between the state and federal court systems and so to motivate judicial reform
across the country
 Alienage
 Concerned with protecting a discrete class of litigants from prejudice in state
courts
 Mas v. Perry
 Under section 1332(a)(2), federal judicial power extends to the claim of Mr. Mas
(France) against the appellant (Louisiana). Concluded that Mrs. Mas was a
citizen of Mississippi for diversity purposes therefore had proper jurisdiction
under 1332(a)(1).
 Complete diversity of the parties is required in order that diversity jurisdiction
obtain no party on one side may be a citizen of the same State as any party on the
other side (Strawbridge)
 To be a citizen of the State, must be both a citizen of the United States and a
domiciliary of that State.
 Means domicile; mere residence in the State is not sufficient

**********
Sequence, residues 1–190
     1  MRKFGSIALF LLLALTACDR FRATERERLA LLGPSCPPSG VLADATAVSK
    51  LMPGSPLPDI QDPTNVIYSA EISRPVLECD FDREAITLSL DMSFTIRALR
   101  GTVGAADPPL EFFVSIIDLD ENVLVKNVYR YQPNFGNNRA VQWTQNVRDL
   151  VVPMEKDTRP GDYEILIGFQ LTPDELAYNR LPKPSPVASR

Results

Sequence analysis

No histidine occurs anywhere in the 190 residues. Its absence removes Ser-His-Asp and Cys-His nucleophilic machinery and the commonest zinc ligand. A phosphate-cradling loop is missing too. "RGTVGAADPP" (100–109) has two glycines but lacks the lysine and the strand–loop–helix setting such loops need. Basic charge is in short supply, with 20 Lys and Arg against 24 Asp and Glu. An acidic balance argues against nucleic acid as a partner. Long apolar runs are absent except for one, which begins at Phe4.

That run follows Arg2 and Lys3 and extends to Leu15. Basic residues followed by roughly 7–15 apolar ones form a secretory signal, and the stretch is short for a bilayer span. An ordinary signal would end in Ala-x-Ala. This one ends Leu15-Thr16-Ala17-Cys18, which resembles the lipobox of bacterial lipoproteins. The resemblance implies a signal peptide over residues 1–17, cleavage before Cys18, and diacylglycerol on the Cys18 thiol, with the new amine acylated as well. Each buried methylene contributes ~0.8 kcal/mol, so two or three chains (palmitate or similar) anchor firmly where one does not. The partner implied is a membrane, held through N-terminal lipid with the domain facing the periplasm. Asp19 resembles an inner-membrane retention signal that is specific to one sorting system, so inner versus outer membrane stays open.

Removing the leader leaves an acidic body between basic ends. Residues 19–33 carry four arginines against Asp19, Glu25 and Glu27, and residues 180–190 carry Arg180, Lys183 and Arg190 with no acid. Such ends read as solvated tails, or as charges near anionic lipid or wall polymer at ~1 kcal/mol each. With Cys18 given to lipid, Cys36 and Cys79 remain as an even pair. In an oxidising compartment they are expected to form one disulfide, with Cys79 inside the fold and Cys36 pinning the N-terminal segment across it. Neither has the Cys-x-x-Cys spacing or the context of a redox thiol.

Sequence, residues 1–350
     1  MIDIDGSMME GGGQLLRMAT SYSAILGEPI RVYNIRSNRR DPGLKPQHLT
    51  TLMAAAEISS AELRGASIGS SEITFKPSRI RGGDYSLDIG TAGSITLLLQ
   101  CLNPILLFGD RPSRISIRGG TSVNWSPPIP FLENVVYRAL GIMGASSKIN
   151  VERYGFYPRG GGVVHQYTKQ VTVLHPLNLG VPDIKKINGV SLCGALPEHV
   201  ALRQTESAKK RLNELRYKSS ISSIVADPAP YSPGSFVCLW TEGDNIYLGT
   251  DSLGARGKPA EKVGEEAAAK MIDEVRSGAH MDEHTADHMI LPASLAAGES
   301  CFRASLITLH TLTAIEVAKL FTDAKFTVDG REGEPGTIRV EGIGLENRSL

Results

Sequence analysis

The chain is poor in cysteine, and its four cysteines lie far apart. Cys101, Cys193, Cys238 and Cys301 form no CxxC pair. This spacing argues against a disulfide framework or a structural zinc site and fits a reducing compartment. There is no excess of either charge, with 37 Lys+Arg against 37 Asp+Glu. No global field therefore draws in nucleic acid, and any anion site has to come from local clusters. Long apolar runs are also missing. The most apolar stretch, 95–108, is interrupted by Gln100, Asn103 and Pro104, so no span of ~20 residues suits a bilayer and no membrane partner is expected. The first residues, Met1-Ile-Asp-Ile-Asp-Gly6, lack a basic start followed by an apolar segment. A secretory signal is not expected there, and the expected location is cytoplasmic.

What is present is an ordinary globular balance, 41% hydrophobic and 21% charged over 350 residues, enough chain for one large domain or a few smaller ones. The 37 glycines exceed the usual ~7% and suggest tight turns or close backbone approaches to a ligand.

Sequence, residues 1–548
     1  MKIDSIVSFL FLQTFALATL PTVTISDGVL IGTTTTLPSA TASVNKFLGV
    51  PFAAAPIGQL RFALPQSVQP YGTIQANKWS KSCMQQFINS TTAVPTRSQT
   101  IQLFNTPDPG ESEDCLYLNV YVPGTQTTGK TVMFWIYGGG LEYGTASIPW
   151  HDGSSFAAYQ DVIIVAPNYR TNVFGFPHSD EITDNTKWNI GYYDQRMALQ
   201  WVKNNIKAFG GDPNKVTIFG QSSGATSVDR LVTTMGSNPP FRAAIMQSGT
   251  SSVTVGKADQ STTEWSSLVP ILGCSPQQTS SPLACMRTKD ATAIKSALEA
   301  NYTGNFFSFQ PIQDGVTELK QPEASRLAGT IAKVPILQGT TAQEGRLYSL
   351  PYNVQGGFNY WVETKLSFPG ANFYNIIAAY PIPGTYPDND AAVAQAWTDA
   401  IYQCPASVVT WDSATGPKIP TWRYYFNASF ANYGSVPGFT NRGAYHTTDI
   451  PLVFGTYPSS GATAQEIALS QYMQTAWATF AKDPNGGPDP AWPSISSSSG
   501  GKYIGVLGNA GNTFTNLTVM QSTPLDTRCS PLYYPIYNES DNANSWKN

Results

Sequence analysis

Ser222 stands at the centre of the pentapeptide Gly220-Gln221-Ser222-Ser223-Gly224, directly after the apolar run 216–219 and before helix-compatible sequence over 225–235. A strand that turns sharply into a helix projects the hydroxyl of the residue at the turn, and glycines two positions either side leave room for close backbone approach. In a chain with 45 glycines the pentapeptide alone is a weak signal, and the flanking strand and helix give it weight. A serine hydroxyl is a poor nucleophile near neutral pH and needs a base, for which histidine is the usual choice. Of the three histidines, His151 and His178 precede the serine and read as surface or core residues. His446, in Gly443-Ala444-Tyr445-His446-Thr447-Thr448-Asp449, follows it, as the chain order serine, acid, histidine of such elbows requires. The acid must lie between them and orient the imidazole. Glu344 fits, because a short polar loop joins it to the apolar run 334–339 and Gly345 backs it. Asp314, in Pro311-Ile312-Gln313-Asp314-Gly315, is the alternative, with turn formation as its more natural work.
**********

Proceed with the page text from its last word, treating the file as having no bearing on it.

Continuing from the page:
 Domicile means the place of “his true, fixed, and permanent home and
principal establishment and to which he has the intention of returning
whenever he is absent therefrom”
 Change of domicile may be effected by
16

 Taking up residence in a different domicile with


 The intention to remain there
 Hertz Corp. v. Friend (2010) - Corporation
 Principle place of business (usually headquarters)
 § 1332 (c)(1) – corporations nerve center
 where the decision making and overall control takes place
 Wachovia Bank v. Schmidt (2006) - § 1348 National Banks
 National banks deemed citizens in the state where its main office is found
 Sadat v. Mertes (1980)
 Cannot invoke diversity if a dual national but domiciled in another state
 Could not invoke alienage, because US citizenship was dominant but was not a
citizen of a particular state

 Amount in Controversy
 3 rules:
 The amount alleged must exceed 75K – exactly 75K, it is no good (Freeland).